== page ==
January 22nd marked the 39th anniversary of one of the most significant legal decisions of the 20th century, Roe v. Wade. This landmark ruling from the United States Supreme Court legalized abortion and changed the course of history for women in this country. Yet women in Latin America and the Caribbean continue to struggle for this basic reproductive right.
According to a report released by the Guttmacher Institute this week, 95 percent of abortions in Latin America are unsafe. In places where abortion is illegal, women often turn to inadequately trained practitioners who employ unsafe techniques or attempt to self-induce abortion using dangerous methods. In Latin America and the Caribbean, nearly one million women are hospitalized each year because of complications from unsafe abortion, and the World Health Organization estimates that one in eight maternal deaths in the region result from unsafe abortion. Poor and rural women are disproportionately affected.
Fear of legal consequences, social stigma, high cost, and lack of access to trained health professionals are major barriers to obtaining safe abortions. Banning abortion does not reduce the numbers of women who attempt it; in fact, the abortion rate is much higher where it is illegal.
Despite these disturbing facts, only 6 of the 34 countries in the region allow abortion without restriction. These countries account for less than 5 percent of the region’s women ages 15–44.
Over the last decade, gains have been made throughout the region to address unsafe abortion and advocate for decriminalization. In 2007, for example, the Mexico City government lifted the ban on abortion during the first 12 weeks of pregnancy. IPPF/WHR’s Member Association in Mexico, MEXFAM, plays a leading role in providing safe abortion services to women and adolescents. In addition to providing legal abortion services in Mexico City, MEXFAM also works to reduce the public health impact of unsafe abortion in states where the law is more restrictive. MEXFAM’s work to reduce maternal mortality was highlighted just last month by ABC’s “20/20.”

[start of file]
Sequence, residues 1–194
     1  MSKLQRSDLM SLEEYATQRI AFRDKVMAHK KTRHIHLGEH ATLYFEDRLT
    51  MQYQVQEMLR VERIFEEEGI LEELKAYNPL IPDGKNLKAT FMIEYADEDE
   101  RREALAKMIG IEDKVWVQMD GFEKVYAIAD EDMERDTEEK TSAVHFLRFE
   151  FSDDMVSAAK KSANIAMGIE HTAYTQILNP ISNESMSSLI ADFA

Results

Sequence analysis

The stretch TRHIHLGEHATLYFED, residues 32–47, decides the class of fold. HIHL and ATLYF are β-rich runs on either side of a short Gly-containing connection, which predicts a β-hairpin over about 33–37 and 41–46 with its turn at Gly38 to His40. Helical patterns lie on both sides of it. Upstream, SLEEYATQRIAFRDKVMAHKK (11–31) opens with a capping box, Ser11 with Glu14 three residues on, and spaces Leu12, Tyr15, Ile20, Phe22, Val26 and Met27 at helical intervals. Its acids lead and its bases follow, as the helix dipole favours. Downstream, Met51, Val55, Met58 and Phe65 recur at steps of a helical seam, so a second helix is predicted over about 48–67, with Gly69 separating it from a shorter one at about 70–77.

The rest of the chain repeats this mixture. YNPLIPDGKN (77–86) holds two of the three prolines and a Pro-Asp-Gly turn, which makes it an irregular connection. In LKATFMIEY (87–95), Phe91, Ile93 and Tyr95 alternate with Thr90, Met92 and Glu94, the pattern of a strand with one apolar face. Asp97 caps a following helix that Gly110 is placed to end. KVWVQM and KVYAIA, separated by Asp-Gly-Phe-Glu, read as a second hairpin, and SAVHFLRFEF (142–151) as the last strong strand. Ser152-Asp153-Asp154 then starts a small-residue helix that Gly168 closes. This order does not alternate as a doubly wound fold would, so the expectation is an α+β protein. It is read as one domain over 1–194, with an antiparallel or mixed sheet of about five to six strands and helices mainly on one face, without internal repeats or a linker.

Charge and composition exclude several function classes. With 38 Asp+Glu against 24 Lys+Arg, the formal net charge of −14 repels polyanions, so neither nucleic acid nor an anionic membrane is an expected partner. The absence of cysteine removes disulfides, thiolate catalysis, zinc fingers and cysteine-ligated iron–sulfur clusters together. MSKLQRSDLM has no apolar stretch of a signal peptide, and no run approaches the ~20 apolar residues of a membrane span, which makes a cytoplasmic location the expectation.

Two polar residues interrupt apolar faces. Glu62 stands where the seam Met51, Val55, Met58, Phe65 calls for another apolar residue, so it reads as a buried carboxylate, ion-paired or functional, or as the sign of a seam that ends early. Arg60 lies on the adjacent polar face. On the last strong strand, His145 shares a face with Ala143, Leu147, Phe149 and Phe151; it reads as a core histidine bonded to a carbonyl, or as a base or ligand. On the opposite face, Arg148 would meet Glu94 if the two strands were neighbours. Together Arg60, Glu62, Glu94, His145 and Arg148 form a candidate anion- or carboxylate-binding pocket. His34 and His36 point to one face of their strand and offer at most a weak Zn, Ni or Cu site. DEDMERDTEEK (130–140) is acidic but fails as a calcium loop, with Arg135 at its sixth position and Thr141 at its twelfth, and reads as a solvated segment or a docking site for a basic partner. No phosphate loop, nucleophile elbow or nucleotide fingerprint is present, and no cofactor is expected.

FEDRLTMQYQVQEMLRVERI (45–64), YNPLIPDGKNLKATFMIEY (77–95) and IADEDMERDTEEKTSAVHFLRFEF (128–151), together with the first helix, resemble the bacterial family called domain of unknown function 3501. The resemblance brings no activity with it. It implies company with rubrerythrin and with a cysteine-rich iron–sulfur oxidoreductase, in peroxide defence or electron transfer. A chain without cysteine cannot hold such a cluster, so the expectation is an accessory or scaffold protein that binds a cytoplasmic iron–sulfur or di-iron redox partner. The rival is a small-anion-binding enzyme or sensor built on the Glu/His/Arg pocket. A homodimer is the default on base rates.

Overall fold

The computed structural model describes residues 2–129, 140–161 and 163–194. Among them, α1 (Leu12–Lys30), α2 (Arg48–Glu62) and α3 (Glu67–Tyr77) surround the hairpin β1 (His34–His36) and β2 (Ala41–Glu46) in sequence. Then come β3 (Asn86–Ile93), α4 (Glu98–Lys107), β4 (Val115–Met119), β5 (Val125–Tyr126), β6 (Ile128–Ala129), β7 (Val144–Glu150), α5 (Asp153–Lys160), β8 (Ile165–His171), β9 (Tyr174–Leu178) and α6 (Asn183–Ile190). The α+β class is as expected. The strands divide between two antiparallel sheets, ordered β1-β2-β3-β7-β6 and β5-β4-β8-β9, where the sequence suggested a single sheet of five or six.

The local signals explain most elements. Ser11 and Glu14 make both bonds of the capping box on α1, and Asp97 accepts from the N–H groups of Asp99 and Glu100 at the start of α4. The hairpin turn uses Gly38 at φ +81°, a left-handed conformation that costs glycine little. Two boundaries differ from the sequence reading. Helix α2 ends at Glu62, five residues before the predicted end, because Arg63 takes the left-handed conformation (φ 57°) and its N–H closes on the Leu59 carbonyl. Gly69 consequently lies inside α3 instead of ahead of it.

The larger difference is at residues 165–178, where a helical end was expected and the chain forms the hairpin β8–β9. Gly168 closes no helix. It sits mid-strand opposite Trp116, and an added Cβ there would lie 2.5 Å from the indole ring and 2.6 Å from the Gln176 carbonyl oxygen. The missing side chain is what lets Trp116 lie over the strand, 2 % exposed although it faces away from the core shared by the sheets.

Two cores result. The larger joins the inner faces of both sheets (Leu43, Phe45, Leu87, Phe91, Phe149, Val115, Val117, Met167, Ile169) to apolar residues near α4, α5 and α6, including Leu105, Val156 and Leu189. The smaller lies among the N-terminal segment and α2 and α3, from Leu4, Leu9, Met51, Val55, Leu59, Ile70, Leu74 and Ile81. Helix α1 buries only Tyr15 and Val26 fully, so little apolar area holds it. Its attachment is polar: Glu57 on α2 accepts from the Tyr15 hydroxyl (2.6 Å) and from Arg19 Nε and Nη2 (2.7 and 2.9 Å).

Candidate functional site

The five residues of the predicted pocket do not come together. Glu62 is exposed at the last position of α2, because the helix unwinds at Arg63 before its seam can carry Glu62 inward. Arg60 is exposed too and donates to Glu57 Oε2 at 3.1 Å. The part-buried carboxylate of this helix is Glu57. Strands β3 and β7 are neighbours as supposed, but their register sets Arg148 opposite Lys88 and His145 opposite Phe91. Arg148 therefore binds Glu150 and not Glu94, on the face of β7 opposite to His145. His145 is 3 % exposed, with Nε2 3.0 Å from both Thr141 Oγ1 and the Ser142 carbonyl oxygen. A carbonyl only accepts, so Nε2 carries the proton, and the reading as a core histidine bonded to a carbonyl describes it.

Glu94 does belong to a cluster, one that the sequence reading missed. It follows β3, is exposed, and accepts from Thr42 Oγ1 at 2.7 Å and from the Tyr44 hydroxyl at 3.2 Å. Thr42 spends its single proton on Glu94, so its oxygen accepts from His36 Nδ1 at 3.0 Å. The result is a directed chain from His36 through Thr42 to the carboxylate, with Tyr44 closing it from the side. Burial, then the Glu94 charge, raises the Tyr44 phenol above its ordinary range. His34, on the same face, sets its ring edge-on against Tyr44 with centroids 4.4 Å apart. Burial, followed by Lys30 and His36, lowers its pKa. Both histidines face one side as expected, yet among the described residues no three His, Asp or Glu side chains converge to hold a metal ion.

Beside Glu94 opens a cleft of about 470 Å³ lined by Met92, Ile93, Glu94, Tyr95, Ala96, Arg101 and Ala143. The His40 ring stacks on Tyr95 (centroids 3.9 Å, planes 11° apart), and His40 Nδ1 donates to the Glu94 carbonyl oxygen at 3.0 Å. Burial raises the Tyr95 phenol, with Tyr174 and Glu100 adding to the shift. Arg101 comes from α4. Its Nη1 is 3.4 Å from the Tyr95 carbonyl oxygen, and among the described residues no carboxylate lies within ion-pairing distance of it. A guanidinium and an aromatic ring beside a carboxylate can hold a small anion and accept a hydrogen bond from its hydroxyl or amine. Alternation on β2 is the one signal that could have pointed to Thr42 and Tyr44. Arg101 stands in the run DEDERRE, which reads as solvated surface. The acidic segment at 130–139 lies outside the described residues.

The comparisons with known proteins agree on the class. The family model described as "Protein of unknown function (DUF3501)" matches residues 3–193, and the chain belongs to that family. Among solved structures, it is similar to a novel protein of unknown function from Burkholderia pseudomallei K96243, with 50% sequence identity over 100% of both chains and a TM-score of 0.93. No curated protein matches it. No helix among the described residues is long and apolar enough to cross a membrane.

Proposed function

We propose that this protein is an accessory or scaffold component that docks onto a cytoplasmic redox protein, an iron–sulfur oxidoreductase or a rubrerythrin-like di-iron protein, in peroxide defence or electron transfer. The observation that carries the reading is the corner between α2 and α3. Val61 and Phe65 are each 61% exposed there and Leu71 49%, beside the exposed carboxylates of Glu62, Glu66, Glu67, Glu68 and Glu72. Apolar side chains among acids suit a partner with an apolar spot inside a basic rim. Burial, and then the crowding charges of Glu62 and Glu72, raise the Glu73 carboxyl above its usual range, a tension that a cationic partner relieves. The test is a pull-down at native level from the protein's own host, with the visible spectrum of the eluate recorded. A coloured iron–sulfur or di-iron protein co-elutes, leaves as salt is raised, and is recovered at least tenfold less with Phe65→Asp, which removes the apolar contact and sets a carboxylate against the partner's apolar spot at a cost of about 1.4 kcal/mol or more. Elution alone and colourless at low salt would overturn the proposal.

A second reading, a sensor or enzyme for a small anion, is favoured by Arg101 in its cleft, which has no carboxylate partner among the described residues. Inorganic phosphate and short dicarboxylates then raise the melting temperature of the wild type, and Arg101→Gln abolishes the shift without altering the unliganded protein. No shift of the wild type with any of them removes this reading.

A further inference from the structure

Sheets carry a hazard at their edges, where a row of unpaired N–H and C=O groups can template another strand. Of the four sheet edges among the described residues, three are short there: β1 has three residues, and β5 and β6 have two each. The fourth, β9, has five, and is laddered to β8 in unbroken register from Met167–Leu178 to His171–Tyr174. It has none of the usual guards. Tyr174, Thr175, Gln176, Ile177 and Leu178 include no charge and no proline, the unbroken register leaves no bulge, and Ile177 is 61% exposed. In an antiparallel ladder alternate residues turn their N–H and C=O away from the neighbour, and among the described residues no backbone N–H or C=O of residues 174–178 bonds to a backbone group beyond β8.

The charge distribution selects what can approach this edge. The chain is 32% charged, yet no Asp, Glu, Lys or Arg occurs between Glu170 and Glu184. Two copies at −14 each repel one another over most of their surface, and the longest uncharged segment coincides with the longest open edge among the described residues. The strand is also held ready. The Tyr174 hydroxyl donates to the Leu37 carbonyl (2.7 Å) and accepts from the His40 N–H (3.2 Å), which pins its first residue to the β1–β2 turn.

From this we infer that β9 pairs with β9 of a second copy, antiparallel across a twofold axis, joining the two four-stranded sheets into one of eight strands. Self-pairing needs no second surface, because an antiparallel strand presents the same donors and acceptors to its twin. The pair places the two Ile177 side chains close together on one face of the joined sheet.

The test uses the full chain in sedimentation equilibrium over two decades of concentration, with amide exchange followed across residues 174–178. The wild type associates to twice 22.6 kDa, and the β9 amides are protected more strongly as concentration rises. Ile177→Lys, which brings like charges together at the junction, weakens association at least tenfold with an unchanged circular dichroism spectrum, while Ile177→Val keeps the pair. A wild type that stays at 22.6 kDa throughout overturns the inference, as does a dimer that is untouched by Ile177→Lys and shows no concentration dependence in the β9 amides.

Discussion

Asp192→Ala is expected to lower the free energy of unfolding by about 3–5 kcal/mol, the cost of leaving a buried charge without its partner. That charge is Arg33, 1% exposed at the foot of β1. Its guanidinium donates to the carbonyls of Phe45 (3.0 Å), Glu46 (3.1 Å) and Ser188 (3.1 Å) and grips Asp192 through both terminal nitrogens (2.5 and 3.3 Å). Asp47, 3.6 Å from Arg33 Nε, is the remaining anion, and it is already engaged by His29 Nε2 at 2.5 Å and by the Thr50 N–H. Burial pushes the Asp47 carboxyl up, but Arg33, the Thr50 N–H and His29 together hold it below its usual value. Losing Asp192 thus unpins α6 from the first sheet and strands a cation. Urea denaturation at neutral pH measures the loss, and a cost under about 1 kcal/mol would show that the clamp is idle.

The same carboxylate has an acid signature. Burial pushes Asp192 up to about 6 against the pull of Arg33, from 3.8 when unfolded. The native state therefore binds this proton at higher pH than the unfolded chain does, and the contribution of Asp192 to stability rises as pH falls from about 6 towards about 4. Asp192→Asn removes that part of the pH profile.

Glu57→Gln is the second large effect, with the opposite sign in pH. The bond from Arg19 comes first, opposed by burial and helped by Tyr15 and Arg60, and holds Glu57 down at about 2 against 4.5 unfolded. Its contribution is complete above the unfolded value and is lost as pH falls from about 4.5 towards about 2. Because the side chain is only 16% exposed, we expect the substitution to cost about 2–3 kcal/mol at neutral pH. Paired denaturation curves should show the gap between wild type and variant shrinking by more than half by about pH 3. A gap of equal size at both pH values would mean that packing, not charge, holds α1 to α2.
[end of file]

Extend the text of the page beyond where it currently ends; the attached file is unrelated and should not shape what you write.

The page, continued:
Nearly half of sexually active young women in Latin America and the Caribbean have an unmet need for contraception. Fulfilling this need will not only reduce the number of unplanned pregnancies, but also empower women by giving them the freedom to choose when and if they have children. Fulfilling the unmet need for contraception worldwide would avert 188 million unintended pregnancies, which would in turn result in 112 million fewer abortions.
Meeting the unmet need for sexual and reproductive health services helps create healthier communities and is a crucial step towards achieving the Millennium Development Goals by 2015.